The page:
While we were travelling in 2002, we carried a large map of Australia and traced our journey on it with a heavy black pen.
We started in Sydney, and when we reached the eastern most tip of Australia (Byron Bay), we headed north west through Queensland. When we reached Tennant Creek in the Northern Territory, we headed north to Darwin. After that, we tracked south and west through the Kimberley region of Western Australia until we reached Broome. From there we followed the west coast, taking a detour into the Pilbara region and the western-most tip of the continent (near Denham), until we reached the far south-west corner.
The return leg of our journey was a rapid crossing of the continent—some 5,500 km—from Perth back to Queensland, in search of the crystal clear waters of Fraser Island. This took us through the wheatbelt and goldfield regions of Western Australia and across the Nullarbor plain. After side trips to Adelaide and the Flinders Ranges, we headed north-east through outback New South Wales until we crossed our own path in Southern Queensland. Finally, we headed south down the east coast back home to Sydney.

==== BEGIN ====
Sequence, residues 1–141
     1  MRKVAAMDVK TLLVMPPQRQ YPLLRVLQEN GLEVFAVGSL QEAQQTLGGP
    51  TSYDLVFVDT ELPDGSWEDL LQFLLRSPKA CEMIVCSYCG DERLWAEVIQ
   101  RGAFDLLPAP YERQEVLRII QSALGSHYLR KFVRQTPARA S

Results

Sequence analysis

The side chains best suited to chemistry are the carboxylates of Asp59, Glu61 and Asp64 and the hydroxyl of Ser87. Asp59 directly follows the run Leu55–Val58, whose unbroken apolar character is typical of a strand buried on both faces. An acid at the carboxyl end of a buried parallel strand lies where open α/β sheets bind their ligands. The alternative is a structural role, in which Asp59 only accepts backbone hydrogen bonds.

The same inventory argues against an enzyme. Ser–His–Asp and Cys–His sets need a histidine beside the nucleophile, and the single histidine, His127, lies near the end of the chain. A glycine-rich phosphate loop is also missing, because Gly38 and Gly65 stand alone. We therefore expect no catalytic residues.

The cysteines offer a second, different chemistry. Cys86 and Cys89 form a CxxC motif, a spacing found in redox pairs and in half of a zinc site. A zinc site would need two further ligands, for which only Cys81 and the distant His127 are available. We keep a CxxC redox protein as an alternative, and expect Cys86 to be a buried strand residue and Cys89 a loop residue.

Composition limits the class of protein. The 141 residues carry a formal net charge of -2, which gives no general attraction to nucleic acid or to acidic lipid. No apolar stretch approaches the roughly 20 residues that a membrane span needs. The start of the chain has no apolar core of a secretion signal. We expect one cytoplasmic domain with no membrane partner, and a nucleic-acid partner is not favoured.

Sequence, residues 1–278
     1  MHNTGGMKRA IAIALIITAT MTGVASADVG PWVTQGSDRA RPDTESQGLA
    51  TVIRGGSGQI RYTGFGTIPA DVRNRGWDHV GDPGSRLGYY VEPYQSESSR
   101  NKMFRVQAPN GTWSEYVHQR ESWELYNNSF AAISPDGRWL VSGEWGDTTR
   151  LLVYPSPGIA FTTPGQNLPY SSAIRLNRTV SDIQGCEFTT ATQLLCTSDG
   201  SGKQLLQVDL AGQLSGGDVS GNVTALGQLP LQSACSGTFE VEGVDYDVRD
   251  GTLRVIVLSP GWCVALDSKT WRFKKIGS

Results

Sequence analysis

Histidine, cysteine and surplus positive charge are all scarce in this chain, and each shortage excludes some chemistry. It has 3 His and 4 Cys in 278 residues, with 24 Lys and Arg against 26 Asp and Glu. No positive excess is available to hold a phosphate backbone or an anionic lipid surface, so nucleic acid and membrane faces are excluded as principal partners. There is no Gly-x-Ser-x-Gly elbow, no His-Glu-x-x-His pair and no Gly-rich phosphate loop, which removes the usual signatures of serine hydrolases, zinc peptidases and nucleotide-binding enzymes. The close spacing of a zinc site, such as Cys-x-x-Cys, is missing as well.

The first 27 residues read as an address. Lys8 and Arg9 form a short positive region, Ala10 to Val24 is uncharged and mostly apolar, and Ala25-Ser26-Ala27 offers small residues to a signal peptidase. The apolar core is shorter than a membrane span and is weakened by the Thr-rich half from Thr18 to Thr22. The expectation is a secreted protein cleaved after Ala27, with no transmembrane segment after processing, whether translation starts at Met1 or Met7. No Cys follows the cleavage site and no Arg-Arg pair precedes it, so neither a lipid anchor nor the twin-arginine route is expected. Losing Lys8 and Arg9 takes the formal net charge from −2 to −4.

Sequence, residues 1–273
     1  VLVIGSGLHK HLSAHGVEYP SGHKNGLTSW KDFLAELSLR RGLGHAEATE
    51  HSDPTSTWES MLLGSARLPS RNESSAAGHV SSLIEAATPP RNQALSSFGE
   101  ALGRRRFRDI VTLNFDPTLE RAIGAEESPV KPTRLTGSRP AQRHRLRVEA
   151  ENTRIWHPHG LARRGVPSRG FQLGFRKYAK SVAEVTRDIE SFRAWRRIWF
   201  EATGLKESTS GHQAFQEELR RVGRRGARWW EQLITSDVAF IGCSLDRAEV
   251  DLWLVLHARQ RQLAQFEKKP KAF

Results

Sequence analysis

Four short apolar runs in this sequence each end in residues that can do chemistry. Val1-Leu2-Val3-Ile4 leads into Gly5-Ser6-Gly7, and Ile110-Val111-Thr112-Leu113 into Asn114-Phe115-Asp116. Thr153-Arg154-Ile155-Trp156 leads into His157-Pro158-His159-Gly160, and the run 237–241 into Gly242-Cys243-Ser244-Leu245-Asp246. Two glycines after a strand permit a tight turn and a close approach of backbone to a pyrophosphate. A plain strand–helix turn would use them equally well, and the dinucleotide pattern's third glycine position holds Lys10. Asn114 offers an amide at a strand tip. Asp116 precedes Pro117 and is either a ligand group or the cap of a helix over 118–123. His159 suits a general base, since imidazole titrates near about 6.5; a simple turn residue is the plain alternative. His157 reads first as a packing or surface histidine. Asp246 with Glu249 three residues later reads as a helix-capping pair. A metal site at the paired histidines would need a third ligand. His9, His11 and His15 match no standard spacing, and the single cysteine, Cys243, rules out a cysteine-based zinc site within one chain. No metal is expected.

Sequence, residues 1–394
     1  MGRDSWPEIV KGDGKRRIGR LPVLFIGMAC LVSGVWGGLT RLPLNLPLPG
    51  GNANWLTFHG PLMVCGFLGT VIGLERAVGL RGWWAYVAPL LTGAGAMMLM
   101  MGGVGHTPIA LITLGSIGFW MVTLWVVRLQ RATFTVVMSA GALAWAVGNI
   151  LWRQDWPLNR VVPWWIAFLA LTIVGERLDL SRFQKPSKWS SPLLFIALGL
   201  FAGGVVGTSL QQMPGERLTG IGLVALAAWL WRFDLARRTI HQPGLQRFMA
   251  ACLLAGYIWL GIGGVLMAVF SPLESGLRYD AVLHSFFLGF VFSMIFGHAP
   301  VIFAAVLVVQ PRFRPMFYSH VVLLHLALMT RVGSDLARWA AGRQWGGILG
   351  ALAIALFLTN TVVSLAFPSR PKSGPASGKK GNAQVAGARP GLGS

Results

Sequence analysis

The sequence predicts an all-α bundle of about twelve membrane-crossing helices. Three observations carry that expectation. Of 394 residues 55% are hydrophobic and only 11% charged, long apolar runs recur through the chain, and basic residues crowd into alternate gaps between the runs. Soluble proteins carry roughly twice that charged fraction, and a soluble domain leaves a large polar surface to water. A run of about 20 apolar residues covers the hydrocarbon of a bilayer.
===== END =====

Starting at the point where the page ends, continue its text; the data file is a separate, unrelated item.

It took us 25 weeks to complete the journey, and according to the odometer, we travelled more than 25,000 km.